I'm no grammar expert. That sort of thing is instinctive for me, and I usually feel my way through a sentence. As for the grammar grey areas well . . .
I recently came across a bit of a tangle that was a little hard to resolve. A nice reader pointed out there were errors in tense in one section of my work. Try as I might, I could not see these. Then a friend of mine with a more literary background helped me out. His take was that the source of the comment was a certain sentence construction I sometimes use - specifically he said "-you tend to use a present tense verb modified by a prior past tense clause".
For example: Teag turned and galloped down the hill, issuing orders to his men as he went.
Now the source of confusion (if I have got this right) as that the second part of this sentence is in present progressive (present continuous) tense - events happening now - whereas the first part is in past tense.
So is the use of this sort of sentence valid or not? My smart literary friend says there is really nothing wrong with it, although other close friends trained in syntax and grammar maintain that this should be changed to either:
Teag turned and galloped down the hill, he issued orders to his men as he went. (Which kind of reads a little strange to me) or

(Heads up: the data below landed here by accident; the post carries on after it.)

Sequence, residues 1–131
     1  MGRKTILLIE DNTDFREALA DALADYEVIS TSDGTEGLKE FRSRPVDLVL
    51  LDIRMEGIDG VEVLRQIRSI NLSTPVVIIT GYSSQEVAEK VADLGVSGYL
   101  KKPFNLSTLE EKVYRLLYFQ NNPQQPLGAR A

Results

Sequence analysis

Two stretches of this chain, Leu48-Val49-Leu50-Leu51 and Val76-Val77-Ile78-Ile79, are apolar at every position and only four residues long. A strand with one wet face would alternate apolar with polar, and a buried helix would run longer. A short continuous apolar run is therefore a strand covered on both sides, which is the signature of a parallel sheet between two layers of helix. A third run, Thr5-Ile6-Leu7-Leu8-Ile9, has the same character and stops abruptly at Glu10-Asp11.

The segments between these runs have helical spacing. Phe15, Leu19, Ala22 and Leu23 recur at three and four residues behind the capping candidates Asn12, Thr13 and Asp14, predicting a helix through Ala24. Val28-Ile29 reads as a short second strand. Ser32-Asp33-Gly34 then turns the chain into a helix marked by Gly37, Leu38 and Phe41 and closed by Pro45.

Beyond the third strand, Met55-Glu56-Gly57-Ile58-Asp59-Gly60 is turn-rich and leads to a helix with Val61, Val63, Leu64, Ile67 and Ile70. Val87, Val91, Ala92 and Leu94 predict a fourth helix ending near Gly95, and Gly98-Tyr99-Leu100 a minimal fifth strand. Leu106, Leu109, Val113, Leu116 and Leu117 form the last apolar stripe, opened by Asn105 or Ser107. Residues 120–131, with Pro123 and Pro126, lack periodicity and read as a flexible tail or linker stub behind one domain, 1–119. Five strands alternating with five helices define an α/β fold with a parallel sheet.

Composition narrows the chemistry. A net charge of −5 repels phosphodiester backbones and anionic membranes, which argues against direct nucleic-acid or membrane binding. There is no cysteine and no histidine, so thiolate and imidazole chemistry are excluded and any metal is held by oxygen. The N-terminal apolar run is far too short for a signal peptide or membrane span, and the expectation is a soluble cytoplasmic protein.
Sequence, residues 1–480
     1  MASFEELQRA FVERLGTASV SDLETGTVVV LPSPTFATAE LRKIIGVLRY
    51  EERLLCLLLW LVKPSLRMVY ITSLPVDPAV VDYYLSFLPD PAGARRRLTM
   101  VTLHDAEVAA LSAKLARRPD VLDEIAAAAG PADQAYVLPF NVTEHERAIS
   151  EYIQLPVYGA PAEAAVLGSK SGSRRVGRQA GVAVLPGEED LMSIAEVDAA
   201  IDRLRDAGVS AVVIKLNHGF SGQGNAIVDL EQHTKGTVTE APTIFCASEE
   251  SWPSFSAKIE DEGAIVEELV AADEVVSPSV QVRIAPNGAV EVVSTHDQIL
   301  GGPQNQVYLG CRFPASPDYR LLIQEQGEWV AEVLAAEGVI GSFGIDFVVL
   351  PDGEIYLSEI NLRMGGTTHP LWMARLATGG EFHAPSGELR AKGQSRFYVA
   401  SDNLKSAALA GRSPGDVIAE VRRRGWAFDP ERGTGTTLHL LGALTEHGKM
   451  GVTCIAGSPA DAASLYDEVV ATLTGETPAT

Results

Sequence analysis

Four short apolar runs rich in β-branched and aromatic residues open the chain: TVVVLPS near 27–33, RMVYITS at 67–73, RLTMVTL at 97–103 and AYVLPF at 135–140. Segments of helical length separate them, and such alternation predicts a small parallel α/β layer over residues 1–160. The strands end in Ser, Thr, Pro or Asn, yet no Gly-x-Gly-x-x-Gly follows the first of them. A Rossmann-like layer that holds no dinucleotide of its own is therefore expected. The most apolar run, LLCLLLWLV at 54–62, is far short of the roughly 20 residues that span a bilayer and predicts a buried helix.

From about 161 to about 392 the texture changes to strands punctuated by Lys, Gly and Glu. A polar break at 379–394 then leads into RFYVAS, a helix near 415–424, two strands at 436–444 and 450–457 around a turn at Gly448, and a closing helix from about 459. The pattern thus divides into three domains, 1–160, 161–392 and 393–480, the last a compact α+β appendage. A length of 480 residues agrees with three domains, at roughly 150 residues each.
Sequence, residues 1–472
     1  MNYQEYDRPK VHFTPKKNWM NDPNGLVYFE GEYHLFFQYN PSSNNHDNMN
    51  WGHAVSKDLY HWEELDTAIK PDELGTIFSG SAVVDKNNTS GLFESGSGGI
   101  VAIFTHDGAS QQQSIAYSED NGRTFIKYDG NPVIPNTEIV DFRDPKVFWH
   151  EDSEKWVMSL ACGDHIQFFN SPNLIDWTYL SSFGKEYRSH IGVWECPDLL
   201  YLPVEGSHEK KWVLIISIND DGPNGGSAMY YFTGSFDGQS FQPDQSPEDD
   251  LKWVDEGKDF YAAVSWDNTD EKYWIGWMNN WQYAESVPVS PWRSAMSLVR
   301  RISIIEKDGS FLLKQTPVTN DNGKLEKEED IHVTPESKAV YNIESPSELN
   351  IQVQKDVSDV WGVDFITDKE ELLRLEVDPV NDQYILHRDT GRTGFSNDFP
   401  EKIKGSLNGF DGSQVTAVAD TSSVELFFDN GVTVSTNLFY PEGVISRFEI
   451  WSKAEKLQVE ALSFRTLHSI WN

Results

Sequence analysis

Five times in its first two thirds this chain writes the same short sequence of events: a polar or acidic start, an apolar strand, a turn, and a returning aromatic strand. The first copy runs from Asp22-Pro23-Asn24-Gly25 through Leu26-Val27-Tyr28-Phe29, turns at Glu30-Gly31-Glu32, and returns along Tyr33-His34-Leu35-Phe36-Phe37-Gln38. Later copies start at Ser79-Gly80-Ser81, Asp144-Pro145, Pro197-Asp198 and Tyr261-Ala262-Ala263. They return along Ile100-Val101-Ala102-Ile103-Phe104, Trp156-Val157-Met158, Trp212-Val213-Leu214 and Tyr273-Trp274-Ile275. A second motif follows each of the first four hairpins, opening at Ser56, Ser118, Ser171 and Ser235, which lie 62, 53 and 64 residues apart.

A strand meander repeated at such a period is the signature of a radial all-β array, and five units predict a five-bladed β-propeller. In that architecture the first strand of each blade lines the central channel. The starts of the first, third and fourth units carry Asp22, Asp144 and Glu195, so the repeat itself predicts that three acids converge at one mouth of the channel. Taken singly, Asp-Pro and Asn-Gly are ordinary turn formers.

Teag turned and galloped down the hill. He issued orders to his men as he went. (Which feels 'dead' compared to the original)
This is really getting into a grammar grey area (well at least for me).
Wondering over the source of this - it must have crept into my subconscious somewhere - I flicked through a few novels on my shelf and found this exact thing used reasonably frequently in text. Right. So somewhere its passed an editor. At least in those books.
Here are some quotes from David Gemmell's Dark Prince.
"For a moment only Philip's face softened, his arm rising as if to reach out to his son."
"Her fingers touched his face, stroking the skin"
Now there is also past continuous tense - or past progressive (imperfect) tense. Can past tense and past continuous be used together, if so do the '-ing' words above fall into the present continuous or past continuous category?
What do people think? Is there a problem leaving it as it is or should these be corrected every time?